Home ARTS & THEATER More Equal Theatre-Making in Europe: Reflection on Creative Europe and Practical Difficulties from Multilingual Perspectives

More Equal Theatre-Making in Europe: Reflection on Creative Europe and Practical Difficulties from Multilingual Perspectives

by Ohio Digital News

The Jeune Théâtre Européen Jeunes Publics (Young European Theatre for Young Audiences) (JTEJP) project was a 2022-23 pilot experience of designing, creating, and performing prototypes of multilingual shows for young and family audiences. It was funded by Creative Europe – European Cooperation Projects. Initiated by French organizations – Espace des Arts, Scène nationale Chalon-sur-Saône, Jeune Théâtre National, and Instant Mix – it brought together seven beneficiaries: Espace des Arts, Scène nationale Chalon-sur-Saône (France), ArtFraction (Serbia), Art Veda (Tunisia), Jeune Théâtre National (France),  University of Galway (Ireland), Pedio Texnis (Greece), Staastheater Mainz (Germany). It also included five associated partners: Compagnie l’Instant même (France), Pistë (France-Finland), Milos International Festival (Greece), Galway Theatre Festival (Ireland), Branar Drámaíochta teo (Ireland). These partners covered a wide spectrum, from small grass-root emerging organizations to well-structured, state-funded entities with high operational capacity.

JTEP brought together emerging theatre artists supported by and/or co-working with trainers and senior experts; producers and programmers who represent a variety of professional and linguistic contexts; groups of amateur practitioners and/or young spectators and all types of audiences directly involved at different stages of the project’s development. Seven mobilities and transnational meetings happened in Serbia, France, Germany, Ireland, Tunisia, and Greece, in addition to several Zoom meetings. Each mobility involved local artists and communities, and most featured workshops on different aspects of multilingual theatre, either for the artists or for the young. Four multilingual work-in-progresses propositions were presented to diverse audiences ranging from 8-year-olds to young adults.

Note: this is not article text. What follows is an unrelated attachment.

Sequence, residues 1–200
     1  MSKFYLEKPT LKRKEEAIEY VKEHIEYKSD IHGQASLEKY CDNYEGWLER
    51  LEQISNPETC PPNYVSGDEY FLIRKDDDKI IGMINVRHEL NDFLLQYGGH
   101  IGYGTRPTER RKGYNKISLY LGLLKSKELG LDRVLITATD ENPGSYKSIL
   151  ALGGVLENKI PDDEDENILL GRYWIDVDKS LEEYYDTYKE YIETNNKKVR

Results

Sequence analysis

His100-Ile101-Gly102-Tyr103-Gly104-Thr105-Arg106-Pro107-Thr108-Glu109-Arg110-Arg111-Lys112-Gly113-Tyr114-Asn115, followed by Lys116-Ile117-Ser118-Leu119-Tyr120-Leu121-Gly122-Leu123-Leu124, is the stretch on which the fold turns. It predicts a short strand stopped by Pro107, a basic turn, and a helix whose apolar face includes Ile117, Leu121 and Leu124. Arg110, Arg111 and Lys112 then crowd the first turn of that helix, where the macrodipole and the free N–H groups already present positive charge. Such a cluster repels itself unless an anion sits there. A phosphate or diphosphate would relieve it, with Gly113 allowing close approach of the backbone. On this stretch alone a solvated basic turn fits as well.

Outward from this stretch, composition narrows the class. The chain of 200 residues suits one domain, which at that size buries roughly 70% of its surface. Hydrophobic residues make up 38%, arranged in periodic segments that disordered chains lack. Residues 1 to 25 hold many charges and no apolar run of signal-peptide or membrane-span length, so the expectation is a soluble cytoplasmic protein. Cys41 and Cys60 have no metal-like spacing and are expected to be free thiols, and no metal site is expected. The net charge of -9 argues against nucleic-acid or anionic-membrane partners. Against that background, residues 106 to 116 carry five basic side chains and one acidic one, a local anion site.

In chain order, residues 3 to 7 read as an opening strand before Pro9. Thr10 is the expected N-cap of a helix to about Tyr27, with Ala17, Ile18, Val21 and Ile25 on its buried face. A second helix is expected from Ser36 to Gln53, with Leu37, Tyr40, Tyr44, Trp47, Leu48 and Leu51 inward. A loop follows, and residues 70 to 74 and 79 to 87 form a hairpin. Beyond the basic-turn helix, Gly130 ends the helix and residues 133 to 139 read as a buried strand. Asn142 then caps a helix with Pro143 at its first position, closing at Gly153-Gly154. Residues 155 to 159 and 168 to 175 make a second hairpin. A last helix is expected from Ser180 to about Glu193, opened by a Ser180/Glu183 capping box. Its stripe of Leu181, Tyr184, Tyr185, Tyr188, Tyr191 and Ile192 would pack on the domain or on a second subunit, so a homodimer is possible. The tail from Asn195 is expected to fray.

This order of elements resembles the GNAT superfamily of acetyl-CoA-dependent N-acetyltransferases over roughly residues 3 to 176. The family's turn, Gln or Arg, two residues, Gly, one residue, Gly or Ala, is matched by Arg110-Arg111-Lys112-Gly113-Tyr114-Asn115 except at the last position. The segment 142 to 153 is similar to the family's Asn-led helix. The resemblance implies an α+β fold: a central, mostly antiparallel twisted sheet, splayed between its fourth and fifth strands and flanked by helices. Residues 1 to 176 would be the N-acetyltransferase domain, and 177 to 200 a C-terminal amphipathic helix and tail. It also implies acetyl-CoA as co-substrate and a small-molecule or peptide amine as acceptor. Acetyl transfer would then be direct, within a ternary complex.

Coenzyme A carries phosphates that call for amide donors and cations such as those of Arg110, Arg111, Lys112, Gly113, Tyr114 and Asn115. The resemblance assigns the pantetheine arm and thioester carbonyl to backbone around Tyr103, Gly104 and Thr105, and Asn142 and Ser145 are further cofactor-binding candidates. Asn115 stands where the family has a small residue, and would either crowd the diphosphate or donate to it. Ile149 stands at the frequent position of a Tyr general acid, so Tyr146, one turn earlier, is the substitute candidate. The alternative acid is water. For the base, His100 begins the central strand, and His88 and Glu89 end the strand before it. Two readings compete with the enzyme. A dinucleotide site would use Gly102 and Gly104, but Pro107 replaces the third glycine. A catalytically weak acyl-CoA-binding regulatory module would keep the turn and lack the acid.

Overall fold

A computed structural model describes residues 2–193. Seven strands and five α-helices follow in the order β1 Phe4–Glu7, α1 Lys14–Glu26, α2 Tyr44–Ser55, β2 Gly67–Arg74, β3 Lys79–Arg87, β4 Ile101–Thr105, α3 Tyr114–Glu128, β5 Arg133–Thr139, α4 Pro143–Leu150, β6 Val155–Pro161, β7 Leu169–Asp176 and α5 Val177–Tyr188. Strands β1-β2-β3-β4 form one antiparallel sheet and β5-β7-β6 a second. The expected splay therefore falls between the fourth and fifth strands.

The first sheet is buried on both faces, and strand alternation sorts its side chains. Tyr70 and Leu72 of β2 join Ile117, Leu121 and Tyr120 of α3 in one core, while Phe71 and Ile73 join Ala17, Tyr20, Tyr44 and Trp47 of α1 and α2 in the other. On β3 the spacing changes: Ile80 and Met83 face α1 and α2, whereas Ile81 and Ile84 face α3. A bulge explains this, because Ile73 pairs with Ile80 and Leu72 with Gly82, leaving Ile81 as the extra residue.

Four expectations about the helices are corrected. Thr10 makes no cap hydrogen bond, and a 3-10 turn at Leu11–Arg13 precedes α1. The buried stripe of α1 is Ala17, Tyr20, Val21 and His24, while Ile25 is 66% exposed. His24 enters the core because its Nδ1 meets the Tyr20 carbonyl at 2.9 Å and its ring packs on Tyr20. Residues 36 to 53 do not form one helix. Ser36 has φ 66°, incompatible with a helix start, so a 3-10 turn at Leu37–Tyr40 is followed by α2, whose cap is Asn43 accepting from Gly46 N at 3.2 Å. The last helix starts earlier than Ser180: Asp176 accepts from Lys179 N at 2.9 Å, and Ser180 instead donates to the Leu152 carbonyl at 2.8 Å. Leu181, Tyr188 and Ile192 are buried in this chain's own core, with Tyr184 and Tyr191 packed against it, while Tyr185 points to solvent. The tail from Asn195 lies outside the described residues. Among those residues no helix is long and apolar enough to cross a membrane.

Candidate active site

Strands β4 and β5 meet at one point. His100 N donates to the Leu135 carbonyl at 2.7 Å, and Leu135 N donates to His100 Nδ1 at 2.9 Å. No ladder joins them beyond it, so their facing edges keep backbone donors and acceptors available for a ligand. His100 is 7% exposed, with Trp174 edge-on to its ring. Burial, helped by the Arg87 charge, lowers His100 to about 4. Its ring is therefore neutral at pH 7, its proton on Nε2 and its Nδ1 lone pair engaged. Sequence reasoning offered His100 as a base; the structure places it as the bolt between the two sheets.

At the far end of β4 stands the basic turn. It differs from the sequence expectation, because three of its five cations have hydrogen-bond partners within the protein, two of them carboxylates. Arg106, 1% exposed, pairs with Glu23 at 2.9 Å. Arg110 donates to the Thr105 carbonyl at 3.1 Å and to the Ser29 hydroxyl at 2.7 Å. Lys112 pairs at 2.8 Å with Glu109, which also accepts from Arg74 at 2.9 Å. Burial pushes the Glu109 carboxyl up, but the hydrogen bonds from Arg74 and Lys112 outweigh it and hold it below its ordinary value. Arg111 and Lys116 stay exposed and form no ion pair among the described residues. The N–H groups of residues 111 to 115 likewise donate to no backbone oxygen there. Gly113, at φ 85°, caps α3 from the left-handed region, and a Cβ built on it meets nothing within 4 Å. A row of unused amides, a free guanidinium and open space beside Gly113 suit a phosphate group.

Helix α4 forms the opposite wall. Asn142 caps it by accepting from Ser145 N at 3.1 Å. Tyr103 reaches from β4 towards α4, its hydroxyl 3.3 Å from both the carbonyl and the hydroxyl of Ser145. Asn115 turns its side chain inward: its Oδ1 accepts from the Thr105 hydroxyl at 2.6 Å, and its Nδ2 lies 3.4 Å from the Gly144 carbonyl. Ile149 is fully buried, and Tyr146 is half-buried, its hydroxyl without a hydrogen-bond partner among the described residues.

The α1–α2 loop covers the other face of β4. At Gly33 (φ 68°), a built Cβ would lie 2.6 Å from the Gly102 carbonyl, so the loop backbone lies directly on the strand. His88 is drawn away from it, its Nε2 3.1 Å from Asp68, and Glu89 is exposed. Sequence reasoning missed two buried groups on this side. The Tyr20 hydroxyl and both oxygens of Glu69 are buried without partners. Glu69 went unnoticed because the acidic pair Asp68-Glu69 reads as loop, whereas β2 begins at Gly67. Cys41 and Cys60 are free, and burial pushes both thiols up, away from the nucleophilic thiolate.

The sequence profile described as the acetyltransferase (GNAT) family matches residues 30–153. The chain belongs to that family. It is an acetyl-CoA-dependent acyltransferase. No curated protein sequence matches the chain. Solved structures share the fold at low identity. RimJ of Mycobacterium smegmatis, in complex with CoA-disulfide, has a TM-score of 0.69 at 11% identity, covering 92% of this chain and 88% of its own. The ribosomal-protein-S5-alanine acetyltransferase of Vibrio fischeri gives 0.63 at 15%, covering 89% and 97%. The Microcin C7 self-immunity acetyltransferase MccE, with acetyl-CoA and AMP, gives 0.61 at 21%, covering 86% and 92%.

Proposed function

Having multilingual perspectives in the room – all situated in different theatre systems and socio-political-economic contexts – allowed for multiple-perspective discussions on the creative development of the works that the artists were rehearsing as part of the JTEP, which also raised the broader questions of equality theatre-making in Europe. From these multilingual debates came also recommendations for possible changes related to equality within the Creative Europe scheme related to travelling, taxation, Creative Europe’s desk support, and daily diets.

  • Travelling is not the same for all artists and for some it involves costly visas, stress, as well as the need to constantly prove they have a right to visit the EU. This creates working contexts in which not all artists working on a project have equal rights. Moreover, it creates an impression that Creative Europe – despite prioritising some countries – does not support their access to the CE projects. Some solution could be a simplified and free application for the CE artists or a Creative Europe visa for the duration of the project. Other artists at other projects have also raised this.
  • In some countries in Europe, actors work as freelancers; in others, they have full-time employment or are being paid allowances by governments. These different circumstances create different pressure points:
    • Freelancers need to give up paid work to participate in CE projects, which, depending on their country, may be better paid than CE projects.
    • Not all countries recognise artists’ self-employment, meaning that freelancers cannot invoice organizations in certain countries and are charged high taxes.
    • A solution could be a European taxation system for CE’s funded projects or CE’s desks’ support to work around these taxation differences to ensure everyone is paid equally.
  • At the moment, Creative Europe’s desks support (or not) individual elements of CE projects within their specific country. A collaborative support across all desks (relevant to a specific project) within each project could support funded projects in visas, figuring out details of different taxation systems, and organizing mobilities. Above all, this would allow Creative Europe for a better and more involved learning about differences across cultural sectors, and ways of working with these differences.
  • Daily diets do not go the same way in every country, which is particularly an issue for those travelling from poorer to more expensive countries. Relating the rates to the cost of living in individual countries may be a solution.
  • Clear guidelines of what support the project can expect from individual CE desks would help to manage expectations.
  • When projects include a lot of small companies that do not have the administrative structure sufficient for this project (primarily due to a lack of means), artists end up doing administrative work. Creative desks in individual countries could help here. For example, the coordinating organization could transfer the money to the specific national CE desks, which would transfer it to the artists or the company in accordance with the law in force in each country.


The Jeune Théâtre Européen Jeunes Publics (Young European Theatre for Young Audiences) (JTEJP) project was funded by Creative Europe – European Cooperation Projects.

This post was written by the author in their personal capacity.The opinions expressed in this article are the author’s own and do not reflect the view of The Theatre Times, their staff or collaborators.

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